Six key fiscal challenges for Philip Hammond

Nadya Mihaylova - 01 December 2016

The first Autumn Statement delivered since the June referendum has attempted to support the economy through the challenging and uncertain times that lie ahead. The Chancellor of the Exchequer, Philip Hammond, has introduced several key measures to address the public discontent which partly contributed to the Brexit vote, but failed to tackle other serious concerns. Here are the six key fiscal challenges facing the Chancellor:

  1. As expected, Brexit is the biggest and most obvious impediment to economic growth. The Office of Budget Responsibility (OBR) has projected that over the period between 2016 and 2021 public sector borrowing will increase by £122bn (fig 1). Of that, £56bn is attributed to Brexit-related impacts, such as reduced business investment, lower tax revenue and higher inflation. This is clearly shows that the expected worsening of the fiscal position is attributed to weaker anticipated outcomes rather than an expansionary government policy. While the OBR has projected that economic growth will begin to normalise by 2019, the estimates seem too optimistic, particularly for business investment.
  1. Britain’s poor productivity record compared to other advanced economies has long been a reason for concern. As such, Hammond’s focus on boosting productivity by increasing investment in infrastructure, innovation and housing is a move in the right direction. However, given the small size of the stimulus package and the long timeframe needed for the benefits to fully materialise, it is unlikely that his plan will deliver a material change.
  1. To soften the hit on low-income households left behind by structural changes in the global economy, the Chancellor also increased the tax-free income allowance and softened the impact of some of the benefit cuts previously announced. However, with inflation rising (and likely to persist), the prospect for improved living standards and higher consumer confidence in the future has weakened. Nevertheless, the post-referendum rebound in activity and the strong labour market provide some reassurance that real wages will prove resilient.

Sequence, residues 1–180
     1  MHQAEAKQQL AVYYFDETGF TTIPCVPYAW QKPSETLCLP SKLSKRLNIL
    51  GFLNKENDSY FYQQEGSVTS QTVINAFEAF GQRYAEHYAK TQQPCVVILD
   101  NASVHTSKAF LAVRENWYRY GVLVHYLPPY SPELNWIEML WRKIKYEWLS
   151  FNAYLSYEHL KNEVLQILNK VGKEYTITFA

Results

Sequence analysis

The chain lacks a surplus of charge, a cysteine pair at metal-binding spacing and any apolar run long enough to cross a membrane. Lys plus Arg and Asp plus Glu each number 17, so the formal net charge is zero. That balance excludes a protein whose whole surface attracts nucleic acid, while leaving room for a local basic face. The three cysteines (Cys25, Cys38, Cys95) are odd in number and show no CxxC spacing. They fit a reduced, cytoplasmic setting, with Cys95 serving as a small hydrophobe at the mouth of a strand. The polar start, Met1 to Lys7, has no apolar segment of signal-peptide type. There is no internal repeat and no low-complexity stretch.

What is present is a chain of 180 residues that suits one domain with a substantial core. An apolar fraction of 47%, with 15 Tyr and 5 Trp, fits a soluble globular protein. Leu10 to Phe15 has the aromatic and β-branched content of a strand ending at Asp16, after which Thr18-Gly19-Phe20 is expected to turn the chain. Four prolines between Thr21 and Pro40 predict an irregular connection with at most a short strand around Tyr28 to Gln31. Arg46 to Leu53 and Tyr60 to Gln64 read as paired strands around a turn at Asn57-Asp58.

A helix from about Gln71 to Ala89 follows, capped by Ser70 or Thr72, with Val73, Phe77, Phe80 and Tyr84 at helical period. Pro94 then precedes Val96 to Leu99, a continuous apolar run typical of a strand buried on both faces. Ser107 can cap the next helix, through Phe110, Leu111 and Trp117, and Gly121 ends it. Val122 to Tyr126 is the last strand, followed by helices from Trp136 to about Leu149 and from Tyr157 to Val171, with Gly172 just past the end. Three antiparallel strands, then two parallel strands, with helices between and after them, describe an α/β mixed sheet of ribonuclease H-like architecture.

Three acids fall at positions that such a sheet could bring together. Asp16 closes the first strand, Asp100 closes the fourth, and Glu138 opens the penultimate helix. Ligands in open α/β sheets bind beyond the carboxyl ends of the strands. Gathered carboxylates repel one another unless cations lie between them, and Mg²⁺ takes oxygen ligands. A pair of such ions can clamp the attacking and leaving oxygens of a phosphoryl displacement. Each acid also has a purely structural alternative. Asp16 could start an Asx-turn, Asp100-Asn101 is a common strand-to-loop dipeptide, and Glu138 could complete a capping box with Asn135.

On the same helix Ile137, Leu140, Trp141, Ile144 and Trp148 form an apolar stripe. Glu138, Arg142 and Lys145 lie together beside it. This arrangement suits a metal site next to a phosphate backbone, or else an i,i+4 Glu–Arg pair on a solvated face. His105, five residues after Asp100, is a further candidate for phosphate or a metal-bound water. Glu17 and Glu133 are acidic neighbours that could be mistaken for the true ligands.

1. The Autumn Statement failed to address several other burning issues. While additional resources have been found to alleviate the funding crisis in the NHS and in social care for this year, these services are likely to fall deeper into deficit over the next few years. Realistically, Hammond will need to build in an extra £2bn to £4bn per annum of expenditure to prevent an unacceptable and politically damaging deterioration of service.   
  1. Donald Trump’s scepticism about NATO during the US presidential campaign has encouraged many European countries to increase their defence spending, especially as Russia undertakes military manoeuvres along its western border. Perceptions of the cybersecurity threat are escalating as are related budget requirements. While the UK currently meets its commitment to spend 2 per cent of GDP on national defence, the likelihood is for spending commitment to rise as new threats emerge.
  1. Despite the higher level of borrowing and inflation, the OBR has projected that the debt servicing costs will be reduced from 2017-18 onwards on the back of a lower interest rate. However, adverse assumptions associated with Brexit are likely to be factored in by investors and consequently increase the cost of borrowing. Therefore, the assumption on lower bond yields now looks less credible.

While the Chancellor showed a clear commitment to address the first three challenges on the list, the remaining three demand a bold response as well. Despite the pressures on the public finances, political and economic expediencies dictate that the government set aside its near-term ambitions for a budget surplus and respond to the expensive structural challenges enumerated above.

Figure 1: Sources of changes to public sector net borrowing since March

Table 1: Sources of change to public sector net borrowing since March

Source: OBR

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